One-on-one with SF's new police chief

September 23, 2009 7:28:12 PM PDT
It's been about two months since San Francisco's new police chief took office and he has not wasted any time chasing criminals. ABC7's Vic Lee spoke to Chief George Gascon in an exclusive wide ranging interview in which he made a surprise announcement.

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"Basically what we do is increasingly we give up a significant piece of our city and say we throw our arms up and we can't do anything about it. And I refuse to do that!" says Chief Gascon.

Chief Gascon is talking about his war against crime in the Tenderloin. The first salvo was a 20-day operation in August. Police saturated the area making just over 300 arrests. A month later, most of them are still in jail.

"We've charged I believe in the order of 85 percent of the cases that have come to us," says Assistant District Attorney Brian Buckelew. "The cases are very strong."

Folks in the Tenderloin are taking note that there is a new chief in town. Abed Eid has been a store owner in the area for 28 years.

"It's been very quiet. I don't see many drug dealers like before," says Eid. "I really appreciate what the new chief is doing."

Undercover cops will ride Muni buses in the Ingleside District after a spike in robberies and violence. More than 40 officers will take part in the operation which targets bus lines with the most complaints.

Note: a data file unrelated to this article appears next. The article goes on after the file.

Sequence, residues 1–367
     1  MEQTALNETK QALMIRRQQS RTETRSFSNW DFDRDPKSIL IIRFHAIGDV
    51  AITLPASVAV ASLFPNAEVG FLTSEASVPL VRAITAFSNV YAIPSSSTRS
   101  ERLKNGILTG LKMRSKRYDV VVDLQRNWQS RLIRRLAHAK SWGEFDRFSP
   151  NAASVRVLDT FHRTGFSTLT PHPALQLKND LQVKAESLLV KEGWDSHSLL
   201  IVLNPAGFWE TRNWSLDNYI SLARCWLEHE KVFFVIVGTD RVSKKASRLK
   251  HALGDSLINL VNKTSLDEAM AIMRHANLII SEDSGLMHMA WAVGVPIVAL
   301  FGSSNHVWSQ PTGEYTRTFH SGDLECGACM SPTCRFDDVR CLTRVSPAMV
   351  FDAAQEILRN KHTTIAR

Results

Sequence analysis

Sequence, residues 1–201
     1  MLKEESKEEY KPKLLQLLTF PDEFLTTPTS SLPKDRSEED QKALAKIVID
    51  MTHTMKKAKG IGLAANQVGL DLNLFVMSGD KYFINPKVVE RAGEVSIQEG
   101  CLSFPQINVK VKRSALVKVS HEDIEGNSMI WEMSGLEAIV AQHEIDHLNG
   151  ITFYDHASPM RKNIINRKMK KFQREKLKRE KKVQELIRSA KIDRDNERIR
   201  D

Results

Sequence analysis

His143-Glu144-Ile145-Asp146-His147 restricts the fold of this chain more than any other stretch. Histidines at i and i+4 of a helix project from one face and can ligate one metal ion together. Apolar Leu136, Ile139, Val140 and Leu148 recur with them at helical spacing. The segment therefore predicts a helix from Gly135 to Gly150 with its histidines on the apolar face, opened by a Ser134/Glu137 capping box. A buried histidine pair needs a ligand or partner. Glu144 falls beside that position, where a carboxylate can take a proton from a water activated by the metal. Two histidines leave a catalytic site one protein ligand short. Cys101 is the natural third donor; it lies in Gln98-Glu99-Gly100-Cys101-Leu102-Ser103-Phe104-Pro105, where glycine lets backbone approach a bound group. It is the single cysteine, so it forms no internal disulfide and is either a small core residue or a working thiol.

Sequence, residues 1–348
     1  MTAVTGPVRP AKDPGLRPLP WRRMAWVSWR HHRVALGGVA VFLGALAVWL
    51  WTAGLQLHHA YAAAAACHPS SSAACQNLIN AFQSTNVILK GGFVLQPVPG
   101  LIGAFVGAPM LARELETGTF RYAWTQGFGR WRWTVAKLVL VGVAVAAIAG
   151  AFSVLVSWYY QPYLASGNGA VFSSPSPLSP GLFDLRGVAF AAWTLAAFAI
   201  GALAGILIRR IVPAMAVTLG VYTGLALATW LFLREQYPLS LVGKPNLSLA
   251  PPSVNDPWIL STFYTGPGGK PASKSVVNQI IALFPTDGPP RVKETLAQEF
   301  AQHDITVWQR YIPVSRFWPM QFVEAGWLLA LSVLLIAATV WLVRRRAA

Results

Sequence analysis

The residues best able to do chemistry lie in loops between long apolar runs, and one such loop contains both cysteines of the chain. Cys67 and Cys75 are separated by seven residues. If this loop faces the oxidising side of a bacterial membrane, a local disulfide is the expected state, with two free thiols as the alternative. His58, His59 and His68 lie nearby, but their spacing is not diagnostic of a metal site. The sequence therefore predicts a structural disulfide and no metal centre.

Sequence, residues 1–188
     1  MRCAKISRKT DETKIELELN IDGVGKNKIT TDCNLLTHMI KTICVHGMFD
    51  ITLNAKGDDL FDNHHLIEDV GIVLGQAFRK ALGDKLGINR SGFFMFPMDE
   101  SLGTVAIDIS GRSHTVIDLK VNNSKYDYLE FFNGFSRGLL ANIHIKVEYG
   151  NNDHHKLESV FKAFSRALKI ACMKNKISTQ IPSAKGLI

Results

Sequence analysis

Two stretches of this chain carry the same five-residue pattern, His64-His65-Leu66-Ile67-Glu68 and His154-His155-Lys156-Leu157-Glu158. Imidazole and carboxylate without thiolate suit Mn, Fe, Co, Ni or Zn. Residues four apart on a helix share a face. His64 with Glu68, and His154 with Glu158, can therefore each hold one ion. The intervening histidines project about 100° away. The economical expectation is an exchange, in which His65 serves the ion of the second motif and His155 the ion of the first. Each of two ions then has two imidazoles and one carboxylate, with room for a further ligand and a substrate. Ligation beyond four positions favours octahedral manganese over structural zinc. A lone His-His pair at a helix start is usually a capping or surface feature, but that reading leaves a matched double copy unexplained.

"We need to be on the right lines at the right time of the day in order to make the impact that we want to have, which is to make every San Franciscan feel comfortable to use public transportation," says Chief Gascon.

Chief Gascon calls his style "smart policing." He'll be moving many inspectors from the Hall of Justice to the 10 police stations and he's installing a computerized crime tracking system called COMPSTAT, which he helped develop as assistant police chief in Los Angeles.

Gascon is also not afraid to talk about controversial topics. When asked if he believed there were cases in which the death penalty is appropriate, he replied, "Generally speaking, purely from a pragmatic approach to it, I would say that not, but I understand those that support it."

The new chief questions its effectiveness as a deterrent and the costs, time, and resources needed to carry out a death sentence.

"Many times there is that human nature that you want retribution and I get that. We also have to have a pragmatic approach to how we use the resources that we have available to us," he says.

His new job is not the only thing Chief Gascon is excited about. He told ABC7 that he is getting married in November to his fiance, an anchorwoman in Los Angeles.

"I'm excited. This has been an incredible year. I mean a new job, new residence, now I'm getting married, but it's very exciting," he says. "I think it will afford me the opportunity also to settle down and I think it's all good."

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